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Remembering the Egyptian Revolution

Government corruption under President Hosni Mubarak was a key focal point of the protests, as demonstrators shouted 'Down with Mubarak' in the streets.

What: Egyptian Revolution

Where: Egypt

When: 25 January 2011

What happened?

On 25 January 2011 protests erupted in Cairo’s Tahrir Square.

The 25 January was a longstanding national holiday in Egypt, yet in 2011 thousands of people gathered in downtown Cairo calling for a “day of rage”. Protesters marched towards the offices of the ruling National Democratic Party, the country’s dominant party since it was founded by Anwar Sadat in 1976.

Protests across other cities in Egypt quickly followed, notably in the coastal city of Alexandria, Aswan in the south of the country and Mansura and Tanta in the Nile delta.

Protesters began to throw rocks and firebombs at security forces, resulting in several protesters and police officers being killed. Tear gas, water cannons and batons were used to disperse the crowds.

On the second day of protests reports emerged of disruption to social media platforms across the country. Facebook, Twitter and Blackberry Messenger services were unavailable, following suspicions that protesters were using the platforms to organise demonstrations.

Read: ‘Egypt’s January 25 rebels were united by the great revolution but later divided by conspiracies’

The motivations for the uprising were multifaceted, with long-term poverty and unemployment underscoring the tensions. Government corruption under President Hosni Mubarak was a key focal point of the protests, as demonstrators shouted “Down with Mubarak” in the streets.

On 29 January President Mubarak responded to these calls by announcing that he would dismiss his government. He also appointed a Vice President, Omar Suleiman, Egypt’s former spy chief, for the first time during his 30 years in power. On 1 February Mubarak announced that he would not run for re-election following his current term, but would not step down from his role.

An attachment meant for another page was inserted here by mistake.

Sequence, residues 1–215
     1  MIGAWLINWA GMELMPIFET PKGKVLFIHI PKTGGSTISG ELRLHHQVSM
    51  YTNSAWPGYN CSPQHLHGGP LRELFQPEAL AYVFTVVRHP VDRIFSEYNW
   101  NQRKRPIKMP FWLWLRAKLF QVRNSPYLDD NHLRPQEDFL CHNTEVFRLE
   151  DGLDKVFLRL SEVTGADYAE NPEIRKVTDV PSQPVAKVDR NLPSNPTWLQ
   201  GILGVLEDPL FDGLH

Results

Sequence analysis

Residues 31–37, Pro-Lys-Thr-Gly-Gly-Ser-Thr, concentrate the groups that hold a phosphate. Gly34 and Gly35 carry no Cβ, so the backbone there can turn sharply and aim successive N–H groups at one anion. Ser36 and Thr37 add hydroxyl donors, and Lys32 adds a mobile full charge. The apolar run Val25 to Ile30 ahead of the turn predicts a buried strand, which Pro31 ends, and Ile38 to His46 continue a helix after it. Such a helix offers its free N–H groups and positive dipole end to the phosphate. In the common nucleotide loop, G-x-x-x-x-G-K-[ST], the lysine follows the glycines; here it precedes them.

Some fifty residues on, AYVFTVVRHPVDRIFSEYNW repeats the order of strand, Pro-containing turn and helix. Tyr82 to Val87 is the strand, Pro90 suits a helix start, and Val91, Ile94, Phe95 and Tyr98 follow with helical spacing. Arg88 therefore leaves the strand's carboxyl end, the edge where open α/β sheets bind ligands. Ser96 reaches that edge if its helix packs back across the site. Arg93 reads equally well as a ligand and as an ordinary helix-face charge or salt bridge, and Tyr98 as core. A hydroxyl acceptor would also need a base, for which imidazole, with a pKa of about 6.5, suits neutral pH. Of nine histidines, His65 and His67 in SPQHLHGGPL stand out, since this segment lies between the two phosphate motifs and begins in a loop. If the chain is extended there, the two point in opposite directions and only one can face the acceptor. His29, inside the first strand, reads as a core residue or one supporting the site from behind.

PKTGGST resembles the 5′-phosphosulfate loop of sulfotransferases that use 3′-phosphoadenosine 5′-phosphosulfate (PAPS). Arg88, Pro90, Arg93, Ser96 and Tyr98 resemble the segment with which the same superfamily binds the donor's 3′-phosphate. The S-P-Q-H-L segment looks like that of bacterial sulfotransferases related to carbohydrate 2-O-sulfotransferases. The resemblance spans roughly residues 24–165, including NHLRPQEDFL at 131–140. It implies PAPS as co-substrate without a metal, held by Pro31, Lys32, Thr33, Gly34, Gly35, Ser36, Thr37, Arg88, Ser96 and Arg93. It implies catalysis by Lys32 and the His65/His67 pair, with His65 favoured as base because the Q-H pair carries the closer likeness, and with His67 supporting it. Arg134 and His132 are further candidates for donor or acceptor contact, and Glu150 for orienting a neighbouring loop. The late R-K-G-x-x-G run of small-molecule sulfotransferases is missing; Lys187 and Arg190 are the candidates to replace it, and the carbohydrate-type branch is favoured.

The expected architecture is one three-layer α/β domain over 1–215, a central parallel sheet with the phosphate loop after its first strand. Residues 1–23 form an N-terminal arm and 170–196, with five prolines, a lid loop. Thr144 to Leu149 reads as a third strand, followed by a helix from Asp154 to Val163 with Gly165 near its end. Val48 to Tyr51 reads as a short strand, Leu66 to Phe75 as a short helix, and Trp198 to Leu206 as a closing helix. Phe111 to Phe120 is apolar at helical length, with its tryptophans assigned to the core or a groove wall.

Mubarak’s concessions did little to quell the demonstrations, with an estimated one million people continuing to protest in Tahrir Square alone. The United Nations estimated that by February 5,300 people had been killed.

On 11 February Suleiman announced President Mubarak’s resignation and handed power to the Supreme Council of the Armed Forces (SCAF). Mass celebrations took place overnight, bringing 18 days of protests to a close. Though some public service workers continued separate demonstrations over wages, by 14 February most protesters had left Tahrir Square.

What happened next?

The protests in Egypt have since been seen as part of the wider Arab Spring, which was catalysed by the self-immolation of Mohamed Bouazizi in Tunisia in December 2010. Uprisings also began in Yemen in January 2011, Libya in February and Syria in March of the same year. In all three cases, since the uprisings, wars have rocked the countries and continue until today.

Domestically SCAF quickly became the most powerful political and economic actor in Egypt. Protests against military rule plagued Egypt throughout 2011, with repeated violence carried out by security forces against demonstrators. Parliamentary elections were held at the end of 2011, in which the Muslim Brotherhood’s Freedom and Justice Party (FJP) won 44 per cent of seats.

In June 2012 Mohamed Morsi, a leading member of the FJP, was elected as President. On the one-year anniversary of his inauguration protests erupted once again asking him to stand down. The chief of the armed forces, General Abdel Fatah Al-Sisi, announced on state television that he was suspending the constitution and nominated Adli Mansour, the head of the constitutional court, as interim president.

One year after the coup Al-Sisi claimed 96.1 per cent of the vote in presidential elections in a highly suspicious landslide victory. He remains president of Egypt to this day where he has overseen a severe crackdown on any member of the opposition who challenges his rule.

Read: Egyptian parliamentarians campaign in Europe diaspora for Al-Sisi

The views expressed in this article belong to the author and do not necessarily reflect the editorial policy of Middle East Monitor.

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